Renowned contemporary landscape painter and teacher, Hobie Porter, guided Rita on her artful journey, first as her teacher at TAFE, then as her tutor at Artable – an art school in Kingscliff. Under Hobie’s guidance, she learned to use oils, mix colours and improve her painting. Rita says she really benefited from the weekly workshops at Artable, which allowed her to maintain momentum and gave her the determination to complete works.
“You learn by doing,” she says, “You just have to do it!” Wise words.
Rita now combines her passion for surfing and the ocean with her stunning artworks. While she also paints figures and portraits, she prefers the ocean – it’s her major subject.
Her love of surfing started when she was given a voucher for surf lessons for her 40th birthday. Before she could start surfing, she had to learn to swim! It took two years, a great deal of frustration and tons of tenacity for Rita to be confident enough in her swimming to learn to surf.… but she did both and surfing quickly became her passion. In fact, she loved surfing so much, she convinced her husband to move house from inland Carrara to beachside Tugun, so that she would be closer to the beach and able to surf every day.
Eventually, Rita took her paintings to show the owner of Café Dbar Gallery, Donna Archdeacon, who was impressed enough to take several small pieces, which sold quickly. She was later invited to do an exhibition at the gallery.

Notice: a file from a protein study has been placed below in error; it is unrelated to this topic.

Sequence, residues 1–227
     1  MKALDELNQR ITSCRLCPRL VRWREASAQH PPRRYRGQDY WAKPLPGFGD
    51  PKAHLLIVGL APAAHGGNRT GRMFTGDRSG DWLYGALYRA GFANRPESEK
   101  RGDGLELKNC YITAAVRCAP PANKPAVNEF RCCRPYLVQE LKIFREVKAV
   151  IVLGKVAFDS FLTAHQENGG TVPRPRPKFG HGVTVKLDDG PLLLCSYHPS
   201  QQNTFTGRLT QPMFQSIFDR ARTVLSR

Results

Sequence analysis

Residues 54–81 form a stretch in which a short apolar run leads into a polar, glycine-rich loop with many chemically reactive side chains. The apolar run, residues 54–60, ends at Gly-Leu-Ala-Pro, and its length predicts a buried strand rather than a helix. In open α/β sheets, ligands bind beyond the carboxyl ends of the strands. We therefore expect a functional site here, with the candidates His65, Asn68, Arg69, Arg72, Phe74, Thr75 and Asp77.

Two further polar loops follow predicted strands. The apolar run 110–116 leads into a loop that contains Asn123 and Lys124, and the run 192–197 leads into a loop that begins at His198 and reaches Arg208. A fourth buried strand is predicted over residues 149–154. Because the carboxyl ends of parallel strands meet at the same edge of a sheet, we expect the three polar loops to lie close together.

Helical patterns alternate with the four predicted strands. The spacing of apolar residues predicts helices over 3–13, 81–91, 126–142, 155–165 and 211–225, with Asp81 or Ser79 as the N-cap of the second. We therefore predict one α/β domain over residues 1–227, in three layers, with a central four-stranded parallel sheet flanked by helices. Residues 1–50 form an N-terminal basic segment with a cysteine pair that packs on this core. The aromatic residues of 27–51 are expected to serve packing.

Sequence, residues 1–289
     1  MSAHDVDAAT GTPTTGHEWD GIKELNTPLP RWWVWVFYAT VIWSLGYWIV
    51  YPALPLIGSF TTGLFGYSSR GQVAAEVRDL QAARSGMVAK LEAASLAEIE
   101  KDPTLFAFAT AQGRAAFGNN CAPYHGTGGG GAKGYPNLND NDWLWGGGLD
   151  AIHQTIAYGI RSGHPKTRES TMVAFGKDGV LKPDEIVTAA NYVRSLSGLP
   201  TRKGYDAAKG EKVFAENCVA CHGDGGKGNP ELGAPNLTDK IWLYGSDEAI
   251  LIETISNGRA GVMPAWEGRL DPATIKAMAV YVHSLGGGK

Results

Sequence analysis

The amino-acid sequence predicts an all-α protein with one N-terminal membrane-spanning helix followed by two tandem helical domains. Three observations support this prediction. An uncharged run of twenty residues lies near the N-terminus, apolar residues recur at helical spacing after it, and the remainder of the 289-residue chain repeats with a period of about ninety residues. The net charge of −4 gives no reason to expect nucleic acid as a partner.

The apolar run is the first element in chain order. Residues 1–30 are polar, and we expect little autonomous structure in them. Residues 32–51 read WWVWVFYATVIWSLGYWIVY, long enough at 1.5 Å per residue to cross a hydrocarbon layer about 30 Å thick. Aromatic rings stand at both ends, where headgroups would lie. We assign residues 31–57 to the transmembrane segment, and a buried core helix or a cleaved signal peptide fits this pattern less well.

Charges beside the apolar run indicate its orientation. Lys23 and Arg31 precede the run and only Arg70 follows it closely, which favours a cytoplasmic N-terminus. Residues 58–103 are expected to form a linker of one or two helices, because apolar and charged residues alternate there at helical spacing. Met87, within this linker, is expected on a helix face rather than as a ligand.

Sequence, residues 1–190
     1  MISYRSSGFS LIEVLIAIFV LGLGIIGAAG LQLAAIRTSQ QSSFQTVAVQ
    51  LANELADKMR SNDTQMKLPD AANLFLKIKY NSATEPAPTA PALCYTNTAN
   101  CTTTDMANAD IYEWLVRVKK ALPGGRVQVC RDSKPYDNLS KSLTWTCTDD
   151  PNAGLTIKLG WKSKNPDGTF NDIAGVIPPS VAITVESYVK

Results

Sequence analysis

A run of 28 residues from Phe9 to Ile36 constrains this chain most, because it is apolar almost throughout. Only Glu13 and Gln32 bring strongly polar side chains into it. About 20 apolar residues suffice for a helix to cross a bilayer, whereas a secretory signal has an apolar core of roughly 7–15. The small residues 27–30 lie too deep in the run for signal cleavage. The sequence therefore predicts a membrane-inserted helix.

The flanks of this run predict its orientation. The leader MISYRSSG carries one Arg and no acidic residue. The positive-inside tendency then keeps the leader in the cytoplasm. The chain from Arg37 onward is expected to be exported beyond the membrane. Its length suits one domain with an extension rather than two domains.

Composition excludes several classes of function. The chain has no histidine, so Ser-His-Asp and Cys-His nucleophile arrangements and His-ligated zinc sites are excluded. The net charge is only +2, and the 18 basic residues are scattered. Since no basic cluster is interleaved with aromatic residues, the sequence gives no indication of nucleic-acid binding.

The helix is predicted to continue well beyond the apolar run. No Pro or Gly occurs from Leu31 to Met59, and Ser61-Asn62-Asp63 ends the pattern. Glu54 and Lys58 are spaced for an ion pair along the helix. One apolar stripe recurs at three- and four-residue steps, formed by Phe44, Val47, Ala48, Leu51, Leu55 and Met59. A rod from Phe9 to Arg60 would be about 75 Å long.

Her influences include prominent artists such as Chris Langlouis, Wolfgang Bloch, Philip Wolfhagen and Gerhard Richter. She draws inspiration from their interpretation of the ocean, clouds and sky.
Rita loves her life. Each morning, she surfs with friends at some of the best breaks in the world, here on the Southern Gold Coast, before starting to paint in her home studio at 10am. She often paints throughout the day and into the night – while her husband tries to sleep in the bedroom adjacent to her studio! She also listens to audio books while she paints.
It can sometimes be difficult to work from home, with all the usual distractions. Rita says entering competitions provides a deadline and worthy goal for her. Also having an exhibition to work towards helps.
She eats well and believes that keeping her mind and body in tune helps her to concentrate. She goes to the gym, surfs with friends and generally enjoys life.
Rita is set to launch her 8th solo art exhibition titled, “Dark Side of Light” at Café Dbar Gallery, 275 Boundary Street, Coolangatta on the 1st of August, and it will run until 31st August. Call in and check it out.
Rita Masarin is a prime example of what Seize The Day Project is all about – tapping into your creativity, pushing yourself a little to do what you love, and truly enjoying life.
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… Keep reading below for more inspirational stories …